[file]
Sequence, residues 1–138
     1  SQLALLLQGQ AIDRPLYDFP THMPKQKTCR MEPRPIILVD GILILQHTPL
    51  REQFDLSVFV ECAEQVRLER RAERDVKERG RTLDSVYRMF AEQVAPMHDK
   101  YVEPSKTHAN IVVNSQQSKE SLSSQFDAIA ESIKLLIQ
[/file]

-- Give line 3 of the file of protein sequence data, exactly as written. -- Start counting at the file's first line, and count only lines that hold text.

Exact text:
    51  REQFDLSVFV ECAEQVRLER RAERDVKERG RTLDSVYRMF AEQVAPMHDK